बुद्ध, buddha

The term can have several meanings at once, so in translation from Sanskrit, Buddha is possible to translate literally as "awakened" or "enlightened". It makes sense to distinguish notion of Buddha:

  • as a principle of enlightened (primary) state of mind — bodhi (Sanskrit बोधि), it is a derivative of the verb budh (to awaken, to conscious) and also any being who achieved this state. According to Buddhist doctrine, Buddha is anyone who has  realized dharma and is fully freed from suffering and cycles of rebirth (samsara).
  • as the name of Buddha Shakyamuni (Gautama Buddha, Siddhartha) — historical person, prince of Shakyas king’s line, the legendary founder of Buddhism, preacher and philosopher, who lived around VI - IV centuries BC in India. Even In his youth Siddhartha, disappointed in worldly life, became hermit. He left the royal chambers and his family to seek liberation. Being ascetic he learned at different times from famous teachers — Arada Kalama and Udraka Ramaputra. Subsequently, having created his own teaching, Buddha preached it around all Bharata during 45 years, having experienced the highest spiritual awakening under the tree Bodhi.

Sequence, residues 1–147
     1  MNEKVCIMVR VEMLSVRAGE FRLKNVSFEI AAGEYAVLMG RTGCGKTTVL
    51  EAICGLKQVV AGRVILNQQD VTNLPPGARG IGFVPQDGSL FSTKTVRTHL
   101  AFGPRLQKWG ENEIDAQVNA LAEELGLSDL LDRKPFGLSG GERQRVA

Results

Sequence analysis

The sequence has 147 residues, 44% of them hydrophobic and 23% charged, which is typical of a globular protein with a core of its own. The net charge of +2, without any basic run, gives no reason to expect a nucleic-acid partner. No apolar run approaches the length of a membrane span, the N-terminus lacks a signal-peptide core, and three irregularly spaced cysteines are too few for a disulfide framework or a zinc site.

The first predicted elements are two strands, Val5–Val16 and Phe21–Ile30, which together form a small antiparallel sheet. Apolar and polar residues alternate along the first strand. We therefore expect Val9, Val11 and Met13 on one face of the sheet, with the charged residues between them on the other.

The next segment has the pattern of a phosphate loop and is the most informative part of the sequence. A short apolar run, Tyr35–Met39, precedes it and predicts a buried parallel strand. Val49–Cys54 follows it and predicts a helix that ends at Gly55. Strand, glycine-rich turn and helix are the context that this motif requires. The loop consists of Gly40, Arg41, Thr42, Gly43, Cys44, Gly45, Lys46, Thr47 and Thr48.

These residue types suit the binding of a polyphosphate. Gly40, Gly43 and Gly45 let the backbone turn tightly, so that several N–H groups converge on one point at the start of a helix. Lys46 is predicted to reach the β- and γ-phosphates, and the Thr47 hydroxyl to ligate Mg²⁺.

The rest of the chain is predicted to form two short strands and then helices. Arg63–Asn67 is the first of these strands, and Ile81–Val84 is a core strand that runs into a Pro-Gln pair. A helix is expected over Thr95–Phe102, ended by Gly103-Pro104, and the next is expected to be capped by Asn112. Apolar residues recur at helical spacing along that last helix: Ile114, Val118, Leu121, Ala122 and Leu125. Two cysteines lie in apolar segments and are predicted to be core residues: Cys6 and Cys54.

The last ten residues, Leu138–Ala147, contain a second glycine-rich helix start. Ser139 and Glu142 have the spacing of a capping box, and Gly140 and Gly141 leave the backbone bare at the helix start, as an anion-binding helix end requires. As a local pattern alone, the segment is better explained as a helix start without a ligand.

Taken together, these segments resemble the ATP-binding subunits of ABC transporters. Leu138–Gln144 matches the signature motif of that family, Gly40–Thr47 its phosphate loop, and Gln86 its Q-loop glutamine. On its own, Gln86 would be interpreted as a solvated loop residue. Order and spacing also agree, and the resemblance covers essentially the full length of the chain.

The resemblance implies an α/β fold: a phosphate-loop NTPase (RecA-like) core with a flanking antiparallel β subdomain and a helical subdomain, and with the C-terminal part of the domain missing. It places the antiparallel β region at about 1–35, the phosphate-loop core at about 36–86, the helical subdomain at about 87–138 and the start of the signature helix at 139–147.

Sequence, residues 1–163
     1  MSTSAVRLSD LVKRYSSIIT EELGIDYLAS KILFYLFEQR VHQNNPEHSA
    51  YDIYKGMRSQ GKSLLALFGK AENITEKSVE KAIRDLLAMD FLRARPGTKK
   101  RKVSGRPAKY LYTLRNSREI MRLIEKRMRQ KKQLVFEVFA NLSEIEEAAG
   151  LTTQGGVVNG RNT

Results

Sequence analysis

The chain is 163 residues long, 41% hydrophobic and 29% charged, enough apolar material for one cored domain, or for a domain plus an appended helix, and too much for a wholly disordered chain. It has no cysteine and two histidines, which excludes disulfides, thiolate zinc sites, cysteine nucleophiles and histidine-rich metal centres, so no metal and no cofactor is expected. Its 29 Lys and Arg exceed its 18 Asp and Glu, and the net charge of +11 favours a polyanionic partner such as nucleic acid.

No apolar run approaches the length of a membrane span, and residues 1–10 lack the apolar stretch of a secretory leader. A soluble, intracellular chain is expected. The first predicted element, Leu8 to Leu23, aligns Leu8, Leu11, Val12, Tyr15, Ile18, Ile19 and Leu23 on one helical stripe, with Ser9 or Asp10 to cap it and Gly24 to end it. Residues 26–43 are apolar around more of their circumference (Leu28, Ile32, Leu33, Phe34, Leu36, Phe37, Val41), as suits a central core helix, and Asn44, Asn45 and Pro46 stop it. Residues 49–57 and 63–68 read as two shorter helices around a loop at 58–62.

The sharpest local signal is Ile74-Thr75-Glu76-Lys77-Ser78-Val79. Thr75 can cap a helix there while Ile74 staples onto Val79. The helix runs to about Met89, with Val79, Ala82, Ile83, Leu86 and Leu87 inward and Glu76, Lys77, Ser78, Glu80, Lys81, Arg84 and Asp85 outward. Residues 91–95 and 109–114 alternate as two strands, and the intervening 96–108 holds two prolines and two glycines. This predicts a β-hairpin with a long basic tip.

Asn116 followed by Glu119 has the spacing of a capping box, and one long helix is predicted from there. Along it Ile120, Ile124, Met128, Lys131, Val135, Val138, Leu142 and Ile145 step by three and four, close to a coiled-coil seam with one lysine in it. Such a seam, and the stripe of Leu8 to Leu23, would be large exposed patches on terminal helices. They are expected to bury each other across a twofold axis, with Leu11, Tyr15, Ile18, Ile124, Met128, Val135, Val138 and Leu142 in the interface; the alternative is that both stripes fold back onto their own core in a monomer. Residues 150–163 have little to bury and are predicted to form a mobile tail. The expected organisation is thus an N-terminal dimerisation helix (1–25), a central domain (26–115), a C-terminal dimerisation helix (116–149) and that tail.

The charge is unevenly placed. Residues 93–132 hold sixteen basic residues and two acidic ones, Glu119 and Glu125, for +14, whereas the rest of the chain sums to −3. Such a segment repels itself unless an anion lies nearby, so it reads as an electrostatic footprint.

Buddha formulated his teaching into four basic principles, named "Four Noble Truths" (chatvari aryasatyani): 

  • Truth on suffering (dukha)
  • Truth on emergence (cause) of suffering
  • Truth on stopping of suffering
  • Truth on path leading to stopping of suffering 

He indicated his view as Noble Eightfold Path or Median Path, i.e. avoiding extremes of asceticism and worldly pleasures, the goal of which is the final realized True in own Self and achievement of enlightenment. Buddha’s teaching contradicted orthodox Brahmanism since it denied the necessity of following the caste system (varnas), as well as effectiveness of numerous sacrifices for total enlightenment (nirvana) achievement.

In Vajrayana Doctrine (of tantric buddhism), there is an idea of five Dhyani Buddhas:

  • Vairochana
  • Akshobhya
  • Ratnasambhava
  • Amitabha
  • Amoghasiddhi

They personify by themselves five supreme aspects (anthropomorphic symbols) of the mind nature of Adi-Buddha (primary Buddha).